The Brexit process could see disabled people who were born on the continent but have lived here for many years unable to secure permanent residency in the UK, because they have never been able to work.
UK law says citizens of the European Economic Area (EEA)* cannot secure permanent residence – and apply for British citizenship – unless they can show they have lived for at least five years in this country as a job seeker, worker, student, or self-employed person, or they are economically “self-sufficient”.
Students and those who are self-sufficient must also show they have comprehensive private health insurance.
The concerns were raised at a workshop in London this week, part of a project** that aims to provide information on how the final deal between the European Union (EU) and the UK government might impact on people’s rights.
The government has pledged to protect the rights of EU nationals already living in the UK, but only if the EU grants similar protection to British citizens living in other EU states.
But many EEA nationals are worried that agreement might not be reached between the two sides, so they want to secure UK residency rights before the country leaves the EU.
Disabled journalist and activist Christiane Link told the workshop that she is helping run a Facebook group dedicated to supporting EEA citizens who want to secure UK residency rights.
Many of them have been living in the UK for many years, but were born abroad.
Some of those struggling to secure residency rights are disabled people who have not been able to work, and have claimed out-of-work disability benefits.
Another group affected is carers, whose contribution is not treated by the UK government as work.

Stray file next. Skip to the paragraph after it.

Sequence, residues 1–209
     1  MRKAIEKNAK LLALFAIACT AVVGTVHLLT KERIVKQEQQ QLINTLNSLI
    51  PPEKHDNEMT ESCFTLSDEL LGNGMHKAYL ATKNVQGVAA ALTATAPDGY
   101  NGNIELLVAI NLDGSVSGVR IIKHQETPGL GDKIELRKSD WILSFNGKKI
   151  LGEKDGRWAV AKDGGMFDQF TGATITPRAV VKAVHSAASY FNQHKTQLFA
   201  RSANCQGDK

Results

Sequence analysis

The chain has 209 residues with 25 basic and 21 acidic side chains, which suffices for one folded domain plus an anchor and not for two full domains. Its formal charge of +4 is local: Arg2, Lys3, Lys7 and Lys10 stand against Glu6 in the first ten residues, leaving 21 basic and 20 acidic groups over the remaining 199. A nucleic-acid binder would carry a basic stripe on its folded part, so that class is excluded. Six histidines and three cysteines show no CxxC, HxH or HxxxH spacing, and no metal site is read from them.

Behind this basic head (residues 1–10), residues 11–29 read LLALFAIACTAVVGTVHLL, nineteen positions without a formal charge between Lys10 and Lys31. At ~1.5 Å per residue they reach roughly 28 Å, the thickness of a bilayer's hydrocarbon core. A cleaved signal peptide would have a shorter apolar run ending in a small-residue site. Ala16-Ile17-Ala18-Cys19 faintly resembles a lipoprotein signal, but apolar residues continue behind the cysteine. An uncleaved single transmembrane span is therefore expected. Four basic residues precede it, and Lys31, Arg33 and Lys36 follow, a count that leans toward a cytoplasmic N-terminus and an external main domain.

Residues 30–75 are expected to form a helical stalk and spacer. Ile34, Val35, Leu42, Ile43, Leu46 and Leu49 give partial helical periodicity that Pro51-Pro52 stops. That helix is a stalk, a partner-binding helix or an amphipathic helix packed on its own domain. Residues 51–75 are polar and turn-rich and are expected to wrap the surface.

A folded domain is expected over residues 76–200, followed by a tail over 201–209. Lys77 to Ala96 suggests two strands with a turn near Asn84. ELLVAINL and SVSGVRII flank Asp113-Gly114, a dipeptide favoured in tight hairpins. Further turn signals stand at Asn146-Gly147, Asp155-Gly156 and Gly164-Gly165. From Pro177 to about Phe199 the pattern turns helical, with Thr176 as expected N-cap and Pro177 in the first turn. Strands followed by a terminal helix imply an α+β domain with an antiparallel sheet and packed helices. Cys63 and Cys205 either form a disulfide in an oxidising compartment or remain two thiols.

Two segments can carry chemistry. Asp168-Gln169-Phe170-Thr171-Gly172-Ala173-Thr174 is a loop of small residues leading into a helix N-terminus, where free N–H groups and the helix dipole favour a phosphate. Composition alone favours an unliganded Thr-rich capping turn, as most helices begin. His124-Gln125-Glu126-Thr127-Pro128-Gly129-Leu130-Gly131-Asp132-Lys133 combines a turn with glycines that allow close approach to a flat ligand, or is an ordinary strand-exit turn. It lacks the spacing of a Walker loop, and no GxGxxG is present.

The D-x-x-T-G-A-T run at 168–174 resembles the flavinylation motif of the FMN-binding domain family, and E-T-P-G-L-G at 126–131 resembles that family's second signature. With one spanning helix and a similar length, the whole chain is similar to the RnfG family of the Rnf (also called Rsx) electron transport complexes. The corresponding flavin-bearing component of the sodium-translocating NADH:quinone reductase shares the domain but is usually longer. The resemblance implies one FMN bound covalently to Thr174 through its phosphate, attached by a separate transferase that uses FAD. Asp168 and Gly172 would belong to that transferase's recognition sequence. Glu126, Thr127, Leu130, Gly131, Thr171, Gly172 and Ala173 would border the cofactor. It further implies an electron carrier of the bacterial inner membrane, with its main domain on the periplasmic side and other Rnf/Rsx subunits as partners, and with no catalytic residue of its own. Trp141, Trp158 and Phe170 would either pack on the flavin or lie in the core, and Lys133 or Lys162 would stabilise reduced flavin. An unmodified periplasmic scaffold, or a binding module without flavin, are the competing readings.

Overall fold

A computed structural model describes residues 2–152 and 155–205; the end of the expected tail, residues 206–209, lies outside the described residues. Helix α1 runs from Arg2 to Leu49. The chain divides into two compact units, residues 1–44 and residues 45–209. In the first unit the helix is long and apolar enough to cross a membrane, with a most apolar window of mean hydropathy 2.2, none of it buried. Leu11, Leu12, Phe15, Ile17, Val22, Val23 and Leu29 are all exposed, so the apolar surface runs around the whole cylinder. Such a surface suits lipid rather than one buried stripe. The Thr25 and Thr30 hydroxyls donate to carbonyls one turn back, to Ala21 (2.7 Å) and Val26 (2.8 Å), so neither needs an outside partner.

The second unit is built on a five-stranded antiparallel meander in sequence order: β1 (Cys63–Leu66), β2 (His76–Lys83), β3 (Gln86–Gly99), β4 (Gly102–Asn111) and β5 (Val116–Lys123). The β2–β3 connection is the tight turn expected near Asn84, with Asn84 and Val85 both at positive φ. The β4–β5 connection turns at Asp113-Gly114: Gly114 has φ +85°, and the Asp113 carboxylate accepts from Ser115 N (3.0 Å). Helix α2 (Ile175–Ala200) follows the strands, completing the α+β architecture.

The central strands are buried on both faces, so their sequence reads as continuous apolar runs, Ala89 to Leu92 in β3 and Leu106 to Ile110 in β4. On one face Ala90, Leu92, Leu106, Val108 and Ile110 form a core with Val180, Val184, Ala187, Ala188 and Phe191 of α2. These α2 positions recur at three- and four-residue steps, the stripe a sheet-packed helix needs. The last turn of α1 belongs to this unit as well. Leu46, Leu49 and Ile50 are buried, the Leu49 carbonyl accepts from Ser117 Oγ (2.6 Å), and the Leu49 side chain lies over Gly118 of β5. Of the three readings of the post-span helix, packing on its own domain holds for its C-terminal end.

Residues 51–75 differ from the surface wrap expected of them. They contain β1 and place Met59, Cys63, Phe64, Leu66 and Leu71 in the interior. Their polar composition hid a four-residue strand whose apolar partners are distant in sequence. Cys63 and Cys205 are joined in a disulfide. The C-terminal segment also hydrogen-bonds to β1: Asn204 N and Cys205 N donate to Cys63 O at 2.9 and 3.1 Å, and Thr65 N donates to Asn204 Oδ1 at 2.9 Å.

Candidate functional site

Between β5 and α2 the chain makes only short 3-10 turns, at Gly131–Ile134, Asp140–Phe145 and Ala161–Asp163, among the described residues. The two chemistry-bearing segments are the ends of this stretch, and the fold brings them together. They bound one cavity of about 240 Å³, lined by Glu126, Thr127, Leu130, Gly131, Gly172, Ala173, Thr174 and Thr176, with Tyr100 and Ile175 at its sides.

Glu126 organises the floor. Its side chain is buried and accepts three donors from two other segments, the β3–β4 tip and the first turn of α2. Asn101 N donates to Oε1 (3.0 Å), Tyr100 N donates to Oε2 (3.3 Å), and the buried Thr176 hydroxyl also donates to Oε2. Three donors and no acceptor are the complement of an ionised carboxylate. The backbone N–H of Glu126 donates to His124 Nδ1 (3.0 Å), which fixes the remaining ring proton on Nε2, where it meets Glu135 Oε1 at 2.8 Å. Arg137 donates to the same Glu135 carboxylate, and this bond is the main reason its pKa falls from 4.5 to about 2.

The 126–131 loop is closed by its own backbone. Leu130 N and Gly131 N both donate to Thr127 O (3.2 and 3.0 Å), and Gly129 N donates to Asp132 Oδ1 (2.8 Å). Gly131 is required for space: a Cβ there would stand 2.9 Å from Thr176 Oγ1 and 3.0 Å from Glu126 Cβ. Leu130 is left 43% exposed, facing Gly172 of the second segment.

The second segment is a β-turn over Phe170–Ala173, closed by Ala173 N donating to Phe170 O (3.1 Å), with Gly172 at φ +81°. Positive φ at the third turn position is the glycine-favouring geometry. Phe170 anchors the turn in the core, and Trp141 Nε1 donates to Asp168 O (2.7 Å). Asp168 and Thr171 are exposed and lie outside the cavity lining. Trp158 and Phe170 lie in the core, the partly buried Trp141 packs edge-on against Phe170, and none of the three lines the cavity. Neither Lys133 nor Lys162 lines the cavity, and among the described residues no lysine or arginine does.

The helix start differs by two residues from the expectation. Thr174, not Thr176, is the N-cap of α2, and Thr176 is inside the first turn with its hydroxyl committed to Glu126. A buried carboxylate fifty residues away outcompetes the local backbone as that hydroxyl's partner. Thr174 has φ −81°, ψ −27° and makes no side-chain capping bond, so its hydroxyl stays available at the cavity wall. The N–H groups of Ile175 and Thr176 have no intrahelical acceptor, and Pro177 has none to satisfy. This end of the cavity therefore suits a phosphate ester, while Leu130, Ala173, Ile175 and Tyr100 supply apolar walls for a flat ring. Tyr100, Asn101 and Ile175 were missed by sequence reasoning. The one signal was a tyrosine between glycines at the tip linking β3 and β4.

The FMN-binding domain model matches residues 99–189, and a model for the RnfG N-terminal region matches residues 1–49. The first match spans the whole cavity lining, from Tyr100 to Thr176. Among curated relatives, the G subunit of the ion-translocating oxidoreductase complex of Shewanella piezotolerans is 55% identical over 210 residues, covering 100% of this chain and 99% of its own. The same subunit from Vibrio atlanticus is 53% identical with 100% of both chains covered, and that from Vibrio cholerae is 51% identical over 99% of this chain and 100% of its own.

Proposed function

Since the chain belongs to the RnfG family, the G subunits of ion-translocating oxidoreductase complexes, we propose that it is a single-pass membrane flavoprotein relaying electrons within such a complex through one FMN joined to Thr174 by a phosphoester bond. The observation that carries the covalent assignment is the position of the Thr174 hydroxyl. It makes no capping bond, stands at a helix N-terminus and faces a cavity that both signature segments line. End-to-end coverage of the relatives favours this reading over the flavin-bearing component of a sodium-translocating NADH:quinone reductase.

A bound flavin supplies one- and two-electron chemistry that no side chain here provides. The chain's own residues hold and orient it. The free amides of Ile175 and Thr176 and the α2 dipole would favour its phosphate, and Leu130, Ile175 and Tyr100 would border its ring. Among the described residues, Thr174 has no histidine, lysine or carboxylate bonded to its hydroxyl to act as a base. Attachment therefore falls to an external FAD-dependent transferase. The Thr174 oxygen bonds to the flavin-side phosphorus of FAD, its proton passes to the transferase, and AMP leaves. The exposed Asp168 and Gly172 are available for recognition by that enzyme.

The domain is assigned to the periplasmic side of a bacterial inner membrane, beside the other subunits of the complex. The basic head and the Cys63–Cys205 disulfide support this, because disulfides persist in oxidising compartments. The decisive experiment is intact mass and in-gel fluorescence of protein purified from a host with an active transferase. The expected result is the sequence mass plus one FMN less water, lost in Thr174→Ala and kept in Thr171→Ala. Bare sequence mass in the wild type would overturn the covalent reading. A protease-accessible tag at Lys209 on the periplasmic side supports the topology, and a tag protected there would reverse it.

Professor Anna Lawson, head of the Centre for Disability Studies and the new Disability Law Hub at the University of Leeds, told the workshop that this was one of the “hugely important issues that we need to be engaged in” as disabled people and disabled people’s organisations, as the government prepares for Brexit.
Link told Disability News Service: “It will mainly affect people who are not working or didn’t work long enough. You must have worked for five years continuously.”
A German citizen, she has been living in the UK for 10 years but will not have a problem securing residency rights after Brexit because she has worked for more than five years.
But she said that this will not apply to many other disabled EEA citizens.
And although the UK government may not directly force them to leave the country, it could refuse to continue paying them the benefits they need to survive.
She said: “If you deny people who are disabled access to benefits then they are virtually unable to live here, so that is indirectly kicking them out of the country.”
One of those affected is 41-year-old Yragael Drouet, who came to the UK from France as a four-year-old child with his mother and has lived here ever since, and has received out-of-work disability benefits.